Documentation

Subqueries

Subqueries (also known as inner queries or nested queries) are queries within a query. Subqueries can be used in SELECT, FROM, WHERE, and HAVING clauses.

Sample data

Query examples on this page use the following sample data sets:

Subquery operators

[ NOT ] EXISTS

The EXISTS operator returns all rows where a correlated subquery produces one or more matches for that row. NOT EXISTS returns all rows where a correlated subquery produces zero matches for that row. Only correlated subqueries are supported.

Syntax

[NOT] EXISTS (subquery)

[ NOT ] IN

The IN operator returns all rows where a given expression’s value can be found in the results of a correlated subquery. NOT IN returns all rows where a given expression’s value cannot be found in the results of a subquery or list of values.

Syntax

expression [NOT] IN (subquery|list-literal)

Examples

View IN examples using a query

View IN examples using a list literal

SELECT clause subqueries

SELECT clause subqueries use values returned from inner query as part of the outer query’s SELECT list. The SELECT clause only supports scalar subqueries that return a single value per execution of the inner query. The returned value can be unique per row.

Syntax

SELECT [expression1[, expression2, ..., expressionN],] (<subquery>)

SELECT clause subqueries can be used as an alternative to JOIN operations.

Examples

SELECT clause with correlated subquery

FROM clause subqueries

FROM clause subqueries return a set of results that is then queried and operated on by the outer query.

Syntax

SELECT expression1[, expression2, ..., expressionN] FROM (<subquery>)

Examples

View FROM clause subquery example

WHERE clause subqueries

WHERE clause subqueries compare an expression to the result of the subquery and return true or false. Rows that evaluate to false are filtered from results. The WHERE clause supports correlated and non-correlated subqueries as well as scalar and non-scalar subqueries (depending on the the operator used in the predicate expression).

Syntax

SELECT
  expression1[, expression2, ..., expressionN]
FROM
  <measurement>
WHERE
  expression operator (<subquery>)

WHERE clause subqueries can be used as an alternative to JOIN operations.

Examples

WHERE clause with scalar subquery

WHERE clause with non-scalar subquery

WHERE clause with correlated subquery

HAVING clause subqueries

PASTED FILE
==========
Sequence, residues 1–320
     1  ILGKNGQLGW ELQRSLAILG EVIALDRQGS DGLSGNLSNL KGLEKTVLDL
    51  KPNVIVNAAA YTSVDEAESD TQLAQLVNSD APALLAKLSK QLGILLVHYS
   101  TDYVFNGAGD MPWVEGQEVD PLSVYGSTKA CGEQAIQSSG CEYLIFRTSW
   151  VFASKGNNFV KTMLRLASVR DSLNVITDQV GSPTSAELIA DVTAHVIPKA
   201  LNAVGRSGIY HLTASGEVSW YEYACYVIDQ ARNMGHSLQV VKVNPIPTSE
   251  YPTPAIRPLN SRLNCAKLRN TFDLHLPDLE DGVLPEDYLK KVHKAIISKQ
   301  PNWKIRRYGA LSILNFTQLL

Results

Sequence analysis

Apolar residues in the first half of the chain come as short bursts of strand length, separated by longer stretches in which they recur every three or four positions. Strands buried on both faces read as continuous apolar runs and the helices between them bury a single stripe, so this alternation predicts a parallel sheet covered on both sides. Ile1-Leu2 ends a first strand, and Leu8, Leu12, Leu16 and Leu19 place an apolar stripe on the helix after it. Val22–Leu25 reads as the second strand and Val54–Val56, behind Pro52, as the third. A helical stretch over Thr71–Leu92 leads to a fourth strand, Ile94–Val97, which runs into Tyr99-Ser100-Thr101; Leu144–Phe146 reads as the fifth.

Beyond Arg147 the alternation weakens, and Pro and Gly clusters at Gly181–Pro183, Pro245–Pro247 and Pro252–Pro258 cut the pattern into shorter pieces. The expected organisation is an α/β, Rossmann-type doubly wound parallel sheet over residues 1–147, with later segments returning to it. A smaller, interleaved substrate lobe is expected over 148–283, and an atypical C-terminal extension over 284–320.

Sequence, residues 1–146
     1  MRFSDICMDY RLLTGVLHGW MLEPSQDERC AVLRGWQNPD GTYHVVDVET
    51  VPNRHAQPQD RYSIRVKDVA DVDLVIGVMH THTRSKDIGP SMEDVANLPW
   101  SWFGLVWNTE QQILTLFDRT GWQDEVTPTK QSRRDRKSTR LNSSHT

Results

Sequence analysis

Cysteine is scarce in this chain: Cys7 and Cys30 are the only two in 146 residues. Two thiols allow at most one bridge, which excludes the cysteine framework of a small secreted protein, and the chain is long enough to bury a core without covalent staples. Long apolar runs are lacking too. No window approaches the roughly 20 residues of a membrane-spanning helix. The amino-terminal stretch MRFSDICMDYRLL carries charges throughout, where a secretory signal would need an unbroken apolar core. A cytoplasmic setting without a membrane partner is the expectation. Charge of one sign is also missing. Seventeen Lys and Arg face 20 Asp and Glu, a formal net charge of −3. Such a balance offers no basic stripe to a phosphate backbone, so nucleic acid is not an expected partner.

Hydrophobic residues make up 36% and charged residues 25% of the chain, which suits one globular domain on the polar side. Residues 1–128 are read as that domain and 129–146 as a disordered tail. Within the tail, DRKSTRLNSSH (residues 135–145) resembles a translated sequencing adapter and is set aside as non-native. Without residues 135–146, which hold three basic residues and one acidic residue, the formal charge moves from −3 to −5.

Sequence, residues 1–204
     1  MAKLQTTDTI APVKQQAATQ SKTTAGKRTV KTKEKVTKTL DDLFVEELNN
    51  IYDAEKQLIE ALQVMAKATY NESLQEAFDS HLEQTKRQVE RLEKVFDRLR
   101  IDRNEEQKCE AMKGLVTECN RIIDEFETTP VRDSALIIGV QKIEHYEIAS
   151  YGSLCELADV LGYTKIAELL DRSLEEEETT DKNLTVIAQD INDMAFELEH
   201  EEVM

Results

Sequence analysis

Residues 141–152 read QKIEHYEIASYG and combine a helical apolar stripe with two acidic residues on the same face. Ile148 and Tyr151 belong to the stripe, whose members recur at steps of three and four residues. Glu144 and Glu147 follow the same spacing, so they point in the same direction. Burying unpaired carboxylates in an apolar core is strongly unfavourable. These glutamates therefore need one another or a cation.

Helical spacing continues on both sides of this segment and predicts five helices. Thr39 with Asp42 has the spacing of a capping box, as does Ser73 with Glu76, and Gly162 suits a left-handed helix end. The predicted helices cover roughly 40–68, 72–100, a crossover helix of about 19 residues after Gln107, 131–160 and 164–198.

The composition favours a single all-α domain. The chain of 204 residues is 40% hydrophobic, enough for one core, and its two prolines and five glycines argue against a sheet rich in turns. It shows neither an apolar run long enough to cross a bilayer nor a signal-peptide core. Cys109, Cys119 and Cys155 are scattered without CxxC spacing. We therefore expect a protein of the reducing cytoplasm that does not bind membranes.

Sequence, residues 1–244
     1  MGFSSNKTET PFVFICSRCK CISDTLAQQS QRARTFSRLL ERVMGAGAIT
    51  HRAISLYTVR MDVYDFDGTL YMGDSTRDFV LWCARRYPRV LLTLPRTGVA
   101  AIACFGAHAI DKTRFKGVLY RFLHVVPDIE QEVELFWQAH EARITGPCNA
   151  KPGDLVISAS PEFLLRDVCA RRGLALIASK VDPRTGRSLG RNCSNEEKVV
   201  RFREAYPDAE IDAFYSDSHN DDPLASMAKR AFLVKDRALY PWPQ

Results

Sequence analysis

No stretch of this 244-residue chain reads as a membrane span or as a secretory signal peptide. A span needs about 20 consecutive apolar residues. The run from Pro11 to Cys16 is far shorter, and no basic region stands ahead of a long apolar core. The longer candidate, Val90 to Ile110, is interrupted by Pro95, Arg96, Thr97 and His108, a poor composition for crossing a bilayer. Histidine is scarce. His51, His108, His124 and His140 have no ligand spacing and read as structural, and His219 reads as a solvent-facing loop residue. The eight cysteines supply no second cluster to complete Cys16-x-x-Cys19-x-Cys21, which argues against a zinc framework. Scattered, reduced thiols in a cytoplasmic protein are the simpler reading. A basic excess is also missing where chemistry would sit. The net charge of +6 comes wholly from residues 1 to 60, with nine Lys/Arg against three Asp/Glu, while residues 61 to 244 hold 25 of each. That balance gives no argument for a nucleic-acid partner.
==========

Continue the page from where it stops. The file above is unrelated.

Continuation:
HAVING clause subqueries compare an expression that uses aggregate values returned by aggregate functions in the SELECT clause to the result of the subquery and return true or false. Rows that evaluate to false are filtered from results. The HAVING clause supports correlated and non-correlated subqueries as well as scalar and non-scalar subqueries (depending on the the operator used in the predicate expression).

Syntax

SELECT
  aggregate_expression1[, aggregate_expression2, ..., aggregate_expressionN]
FROM
  <measurement>
WHERE
  <conditional_expression>
GROUP BY
  column_expression1[, column_expression2, ..., column_expressionN]
HAVING
  expression operator (<subquery>)

Examples

HAVING clause with scalar subquery

HAVING clause with non-scalar subquery

HAVING clause with correlated subquery

Subquery categories

SQL subqueries can be categorized as one or more of the following based on the behavior of the subquery:

Correlated subqueries

In a correlated subquery, the inner query depends on the outer query, using values from the outer query for its results. Correlated subqueries can return a maximum of one row, so aggregations may be required in the inner query.

In the query below, the inner query (SELECT temp_avg FROM weather WHERE location = home.room) depends on data (home.room) from the outer query (SELECT time, room, temp FROM home) and is therefore a correlated subquery.

SELECT
  time,
  room,
  temp
FROM
  home
WHERE
  temp = (
    SELECT
      temp_avg
    FROM
      weather
    WHERE
      location = home.room
  )

Correlated subquery performance

Because correlated subqueries depend on the outer query and typically must execute for each row returned by the outer query, correlated subqueries are less performant than non-correlated subqueries.

Non-correlated subqueries

In a non-correlated subquery, the inner query doesn’t depend on the outer query and executes independently. The inner query executes first, and then passes the results to the outer query.

In the query below, the inner query (SELECT MIN(temp_avg) FROM weather) can run independently from the outer query (SELECT time, temp FROM home) and is therefore a non-correlated subquery.

SELECT
  time,
  temp
FROM
  home
WHERE
  temp < (
    SELECT
      MIN(temp_avg)
    FROM
      weather
  )

Scalar subqueries

A scalar subquery returns a single value (one column of one row). If no rows are returned, the subquery returns NULL.

The example subquery below returns the average value of a specified column. This value is a single scalar value.

SELECT * FROM home WHERE co > (SELECT avg(co) FROM home)

Non-scalar subqueries

A non-scalar subquery returns 0, 1, or multiple rows, each of which may contain 1 or multiple columns. For each column, if there is no value to return, the subquery returns NULL. If no rows qualify to be returned, the subquery returns 0 rows.

The example subquery below returns all distinct values in a column. Multiple values are returned.

SELECT * FROM home WHERE room IN (SELECT DISTINCT room FROM home_actions)

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